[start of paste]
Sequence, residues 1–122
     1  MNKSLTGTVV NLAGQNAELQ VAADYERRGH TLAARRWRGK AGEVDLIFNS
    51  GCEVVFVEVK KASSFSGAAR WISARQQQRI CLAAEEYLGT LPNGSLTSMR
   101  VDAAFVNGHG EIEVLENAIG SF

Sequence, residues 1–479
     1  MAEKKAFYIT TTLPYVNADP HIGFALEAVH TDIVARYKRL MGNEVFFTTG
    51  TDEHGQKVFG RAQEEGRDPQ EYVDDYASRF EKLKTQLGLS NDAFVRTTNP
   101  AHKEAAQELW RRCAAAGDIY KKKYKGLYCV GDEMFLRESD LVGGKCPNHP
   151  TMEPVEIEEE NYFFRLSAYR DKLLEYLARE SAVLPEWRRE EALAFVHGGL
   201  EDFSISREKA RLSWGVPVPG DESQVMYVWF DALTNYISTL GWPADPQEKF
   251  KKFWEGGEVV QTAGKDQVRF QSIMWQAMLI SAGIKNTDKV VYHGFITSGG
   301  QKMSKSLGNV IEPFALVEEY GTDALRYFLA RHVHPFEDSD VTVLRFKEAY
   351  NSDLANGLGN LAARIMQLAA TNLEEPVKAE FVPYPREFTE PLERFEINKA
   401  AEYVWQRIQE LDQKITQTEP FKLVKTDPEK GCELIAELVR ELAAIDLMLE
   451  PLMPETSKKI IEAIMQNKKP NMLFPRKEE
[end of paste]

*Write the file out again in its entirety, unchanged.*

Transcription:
Sequence, residues 1–122
     1  MNKSLTGTVV NLAGQNAELQ VAADYERRGH TLAARRWRGK AGEVDLIFNS
    51  GCEVVFVEVK KASSFSGAAR WISARQQQRI CLAAEEYLGT LPNGSLTSMR
   101  VDAAFVNGHG EIEVLENAIG SF

Sequence, residues 1–479
     1  MAEKKAFYIT TTLPYVNADP HIGFALEAVH TDIVARYKRL MGNEVFFTTG
    51  TDEHGQKVFG RAQEEGRDPQ EYVDDYASRF EKLKTQLGLS NDAFVRTTNP
   101  AHKEAAQELW RRCAAAGDIY KKKYKGLYCV GDEMFLRESD LVGGKCPNHP
   151  TMEPVEIEEE NYFFRLSAYR DKLLEYLARE SAVLPEWRRE EALAFVHGGL
   201  EDFSISREKA RLSWGVPVPG DESQVMYVWF DALTNYISTL GWPADPQEKF
   251  KKFWEGGEVV QTAGKDQVRF QSIMWQAMLI SAGIKNTDKV VYHGFITSGG
   301  QKMSKSLGNV IEPFALVEEY GTDALRYFLA RHVHPFEDSD VTVLRFKEAY
   351  NSDLANGLGN LAARIMQLAA TNLEEPVKAE FVPYPREFTE PLERFEINKA
   401  AEYVWQRIQE LDQKITQTEP FKLVKTDPEK GCELIAELVR ELAAIDLMLE
   451  PLMPETSKKI IEAIMQNKKP NMLFPRKEE